The Transformative Yiddish Theater
Giving Our Past A Future
Yiddish Theater for the next generation
דער נייער יידישער רעפערטואַר־טעאַטער
מאמע–לשון איז א מחיה
New Yiddish Rep
is proud to have been awarded
The All Stars Project's
Community Recognition Award
"for outstanding community-building through creative, multi-faceted cultural programs."
|An Historic Collaboration|
It has always been part of NYR's vision to help create a truly International Yiddish theater company with a home of its own in the most appropriate place for it: New York, New York. Hopefully, this was a small but significant step in that direction. We plan to continue our collaboration this Spring with a production of Moshe Nadir's Moshiakh In Amerika.
New Yiddish Rep and Der LufTeater of Strasbourg France presented New York's only Yiddish theatrical presentation of the 2011 fall season, a new play adapted from Sholom Aleichem's one act Agentn, which takes place on a train, and his Ayzenbahn Geshichtes, stories centered around train travel. The piece was workshopped in New York last October, and presented in a series of staged readings in November. Adapted by Rafael Goldwaser, the plays final form was shaped by the collaboration of the ensemble and the rehearsal process itself.
Rafael Goldwaser David Mandelbaum Shane Baker Yelena Shmulenson
'Agentn' of Yesterday and Today
By Boris Sandler
Editor of The Yiddish Forward
To perform Yiddish theater today, you need a lot of money, or a lot of ambition. The New Yiddish Rep theater company, led by David Mandelbaum, has the latter.
Mandelbaum is an actor and director who also plays most of the other roles a theater company requires. Like any typical theater person, he is always on the lookout for creative talent, and when he searches, he usually finds. For “Agentn,” the New Yiddish Rep’s latest production, Mandelbaum found five talented collaborators: director Moshe Yassur, clarinetist Dmitri Slepovitch and actors Yelena Shmulenson, Rafael Goldwaser and Shane Baker.
The play is based on the works of Sholem Aleichem, which makes for good theater, even though Sholem Aleichem himself was not a particularly impressive dramatist. The different parts of the play, which draw on several of Sholem Aleichem’s stories, are unified by a small-town fortune-seeker who travels by train through different stations, trying to find “clients” and make a ruble.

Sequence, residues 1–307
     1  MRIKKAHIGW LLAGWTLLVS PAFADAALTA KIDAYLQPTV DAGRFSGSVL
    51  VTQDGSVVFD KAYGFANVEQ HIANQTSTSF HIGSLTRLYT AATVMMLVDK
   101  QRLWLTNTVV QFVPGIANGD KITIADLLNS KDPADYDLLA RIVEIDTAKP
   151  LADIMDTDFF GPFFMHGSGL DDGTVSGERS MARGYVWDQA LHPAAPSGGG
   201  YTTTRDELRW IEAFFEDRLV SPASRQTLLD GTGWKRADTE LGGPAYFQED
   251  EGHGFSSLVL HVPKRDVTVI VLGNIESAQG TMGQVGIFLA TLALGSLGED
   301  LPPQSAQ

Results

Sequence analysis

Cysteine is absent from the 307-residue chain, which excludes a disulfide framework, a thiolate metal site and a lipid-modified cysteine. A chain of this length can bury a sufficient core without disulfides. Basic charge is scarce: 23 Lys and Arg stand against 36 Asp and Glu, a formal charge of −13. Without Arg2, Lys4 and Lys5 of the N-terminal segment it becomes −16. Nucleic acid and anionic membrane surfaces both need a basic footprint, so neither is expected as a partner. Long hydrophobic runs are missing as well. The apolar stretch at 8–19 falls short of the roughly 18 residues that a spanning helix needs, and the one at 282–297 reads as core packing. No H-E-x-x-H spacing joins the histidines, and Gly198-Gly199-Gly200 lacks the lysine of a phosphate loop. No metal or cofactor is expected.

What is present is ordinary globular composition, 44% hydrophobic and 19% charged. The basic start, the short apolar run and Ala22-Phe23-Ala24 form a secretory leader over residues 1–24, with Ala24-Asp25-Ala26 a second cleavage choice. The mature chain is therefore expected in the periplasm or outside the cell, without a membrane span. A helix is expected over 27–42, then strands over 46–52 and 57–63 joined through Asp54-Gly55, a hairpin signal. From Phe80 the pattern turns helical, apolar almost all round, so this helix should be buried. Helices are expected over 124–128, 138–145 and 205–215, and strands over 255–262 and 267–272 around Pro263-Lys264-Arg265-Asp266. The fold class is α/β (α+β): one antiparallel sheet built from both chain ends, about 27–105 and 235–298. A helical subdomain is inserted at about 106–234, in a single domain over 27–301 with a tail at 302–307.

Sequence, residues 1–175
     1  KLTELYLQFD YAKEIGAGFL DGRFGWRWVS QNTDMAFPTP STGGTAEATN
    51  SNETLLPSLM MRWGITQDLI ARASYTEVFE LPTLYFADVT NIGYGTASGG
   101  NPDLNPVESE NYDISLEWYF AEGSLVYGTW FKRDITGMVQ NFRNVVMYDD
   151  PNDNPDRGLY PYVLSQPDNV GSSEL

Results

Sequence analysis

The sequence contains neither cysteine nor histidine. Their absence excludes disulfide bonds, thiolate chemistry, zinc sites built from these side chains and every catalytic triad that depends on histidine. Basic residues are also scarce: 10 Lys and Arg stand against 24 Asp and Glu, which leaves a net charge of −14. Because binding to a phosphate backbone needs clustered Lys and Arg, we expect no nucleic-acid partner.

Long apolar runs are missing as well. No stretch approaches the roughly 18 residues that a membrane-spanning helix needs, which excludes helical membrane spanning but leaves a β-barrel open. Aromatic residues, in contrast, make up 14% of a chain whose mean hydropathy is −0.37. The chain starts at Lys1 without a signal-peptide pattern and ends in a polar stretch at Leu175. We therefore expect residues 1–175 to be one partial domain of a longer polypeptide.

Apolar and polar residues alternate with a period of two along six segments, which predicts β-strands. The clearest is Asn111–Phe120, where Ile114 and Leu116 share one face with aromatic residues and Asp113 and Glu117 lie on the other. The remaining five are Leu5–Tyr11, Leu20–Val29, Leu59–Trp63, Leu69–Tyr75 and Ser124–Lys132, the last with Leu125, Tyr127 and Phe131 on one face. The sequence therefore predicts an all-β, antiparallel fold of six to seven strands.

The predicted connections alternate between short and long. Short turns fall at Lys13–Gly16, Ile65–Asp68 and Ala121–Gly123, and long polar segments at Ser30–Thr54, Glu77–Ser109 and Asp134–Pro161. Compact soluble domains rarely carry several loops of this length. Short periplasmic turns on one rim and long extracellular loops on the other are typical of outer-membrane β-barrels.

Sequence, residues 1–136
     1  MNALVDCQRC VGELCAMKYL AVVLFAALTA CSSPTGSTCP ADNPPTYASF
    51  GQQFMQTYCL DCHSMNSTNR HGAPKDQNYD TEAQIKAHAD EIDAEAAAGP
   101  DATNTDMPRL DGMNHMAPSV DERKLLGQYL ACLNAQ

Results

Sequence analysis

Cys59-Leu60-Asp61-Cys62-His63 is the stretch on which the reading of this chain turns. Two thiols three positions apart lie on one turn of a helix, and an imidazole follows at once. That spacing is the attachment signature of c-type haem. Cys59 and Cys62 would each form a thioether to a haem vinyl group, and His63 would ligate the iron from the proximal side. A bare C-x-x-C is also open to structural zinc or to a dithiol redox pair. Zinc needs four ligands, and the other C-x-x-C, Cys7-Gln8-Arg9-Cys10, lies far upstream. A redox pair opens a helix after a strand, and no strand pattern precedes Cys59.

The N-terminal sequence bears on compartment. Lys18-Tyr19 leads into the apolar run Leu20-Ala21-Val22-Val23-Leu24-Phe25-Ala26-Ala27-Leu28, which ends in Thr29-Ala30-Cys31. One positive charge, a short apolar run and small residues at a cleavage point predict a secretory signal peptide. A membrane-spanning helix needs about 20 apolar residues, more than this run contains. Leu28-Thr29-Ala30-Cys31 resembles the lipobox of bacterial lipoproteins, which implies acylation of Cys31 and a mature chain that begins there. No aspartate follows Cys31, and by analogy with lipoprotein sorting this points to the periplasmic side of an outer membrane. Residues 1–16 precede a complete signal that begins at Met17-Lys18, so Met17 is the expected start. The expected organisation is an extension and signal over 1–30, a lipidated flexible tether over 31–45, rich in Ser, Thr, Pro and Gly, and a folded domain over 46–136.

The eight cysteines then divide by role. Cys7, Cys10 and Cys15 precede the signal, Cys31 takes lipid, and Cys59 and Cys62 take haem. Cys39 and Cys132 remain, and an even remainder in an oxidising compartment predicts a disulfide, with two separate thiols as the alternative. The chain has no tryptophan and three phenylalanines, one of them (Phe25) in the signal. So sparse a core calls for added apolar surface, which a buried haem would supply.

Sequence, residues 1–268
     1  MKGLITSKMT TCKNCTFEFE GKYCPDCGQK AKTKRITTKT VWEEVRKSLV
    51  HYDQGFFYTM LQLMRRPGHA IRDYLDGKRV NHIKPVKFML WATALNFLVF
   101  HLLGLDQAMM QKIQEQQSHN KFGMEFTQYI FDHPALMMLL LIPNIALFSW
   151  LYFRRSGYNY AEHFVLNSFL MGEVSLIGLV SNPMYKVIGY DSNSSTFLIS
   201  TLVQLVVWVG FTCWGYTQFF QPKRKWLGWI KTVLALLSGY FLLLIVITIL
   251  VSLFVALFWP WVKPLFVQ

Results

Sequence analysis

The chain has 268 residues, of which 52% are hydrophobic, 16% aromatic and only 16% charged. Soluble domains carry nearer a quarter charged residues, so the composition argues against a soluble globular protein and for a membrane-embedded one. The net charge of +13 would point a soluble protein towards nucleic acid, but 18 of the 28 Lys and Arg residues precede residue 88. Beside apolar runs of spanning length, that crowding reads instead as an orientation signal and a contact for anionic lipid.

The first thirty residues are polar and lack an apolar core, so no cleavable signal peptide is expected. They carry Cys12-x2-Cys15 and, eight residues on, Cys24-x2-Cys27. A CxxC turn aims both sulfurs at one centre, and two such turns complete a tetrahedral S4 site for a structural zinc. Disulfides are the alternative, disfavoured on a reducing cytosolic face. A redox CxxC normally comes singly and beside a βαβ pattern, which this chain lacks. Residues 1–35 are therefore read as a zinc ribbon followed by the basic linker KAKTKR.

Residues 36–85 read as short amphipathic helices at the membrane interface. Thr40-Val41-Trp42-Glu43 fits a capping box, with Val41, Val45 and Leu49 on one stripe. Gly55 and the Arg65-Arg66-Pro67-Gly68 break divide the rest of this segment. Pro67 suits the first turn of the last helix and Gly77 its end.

Goldwaser contributes several monologues he has already performed in his own productions, which are brought within the larger narrative of the play. This unifying task fell to Yassur, whose challenge was to make the piece more than just a series of readings, even though the actors have their scripts onstage. Yasur managed this by means of the mise-en-scène, props, jokes, contact with the audience and, most of all, music.
Music, however, is perhaps the wrong word for it. Rather, Yassur uses a technique in which the clarinet, played by Slepovitch, participates as its own character in the drama. It inserts itself into the dialogue, sometimes in discontent, sometimes in pity, sometimes in reproach. It is even possible that the clarinet serves as a sort of internal voice, saying that not everything a person says is always what he’s thinking.
Still, putting Sholem Aleichem on stage is no simple matter. There is especially the danger of falling into tastelessness and theater clichés. Fortunately, with “Agentn,” that doesn’t happen.
In earlier years you used to meet people who were attached heart and soul to Yiddish culture. They would do anything in order to help talented writers, musicians, directors, theater troupes, and other creative people realize their projects. The question remains, has this type of bold person disappeared from the Yiddish horizon?
All the participants in “Agentn” are well known in the Yiddish theater world and each of them is a “wandering star,” going wherever they are able to perform. In “Agentn,” the four players came together in one ensemble, demonstrating considerable talent, even without great financial means. In their work it again becomes apparent that we have the artists to play on the Yiddish stage, if only the stage continues to exist.
— Translated by Ezra Glinter